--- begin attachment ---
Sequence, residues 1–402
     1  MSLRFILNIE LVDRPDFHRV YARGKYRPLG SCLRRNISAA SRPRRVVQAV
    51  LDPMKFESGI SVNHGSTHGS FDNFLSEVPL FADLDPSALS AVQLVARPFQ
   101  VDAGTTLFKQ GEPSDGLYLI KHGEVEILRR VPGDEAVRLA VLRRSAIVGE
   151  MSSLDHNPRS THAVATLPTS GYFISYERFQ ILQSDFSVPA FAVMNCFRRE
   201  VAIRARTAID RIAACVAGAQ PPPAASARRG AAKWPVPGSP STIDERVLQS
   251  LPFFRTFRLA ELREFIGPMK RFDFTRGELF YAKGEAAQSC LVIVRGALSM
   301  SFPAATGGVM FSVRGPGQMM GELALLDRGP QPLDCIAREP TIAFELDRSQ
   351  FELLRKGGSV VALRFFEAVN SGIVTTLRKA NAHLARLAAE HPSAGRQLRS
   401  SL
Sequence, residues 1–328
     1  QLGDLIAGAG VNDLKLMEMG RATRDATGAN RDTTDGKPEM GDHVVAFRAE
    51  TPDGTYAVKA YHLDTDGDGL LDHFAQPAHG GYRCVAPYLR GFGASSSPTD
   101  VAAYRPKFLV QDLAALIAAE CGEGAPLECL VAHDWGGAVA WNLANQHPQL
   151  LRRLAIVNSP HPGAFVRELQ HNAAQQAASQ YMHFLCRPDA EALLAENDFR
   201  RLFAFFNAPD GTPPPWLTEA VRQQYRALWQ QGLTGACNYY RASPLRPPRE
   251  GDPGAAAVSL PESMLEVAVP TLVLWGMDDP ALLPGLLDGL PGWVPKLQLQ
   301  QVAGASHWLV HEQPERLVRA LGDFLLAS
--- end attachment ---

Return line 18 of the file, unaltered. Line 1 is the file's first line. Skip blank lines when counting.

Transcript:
   301  QVAGASHWLV HEQPERLVRA LGDFLLAS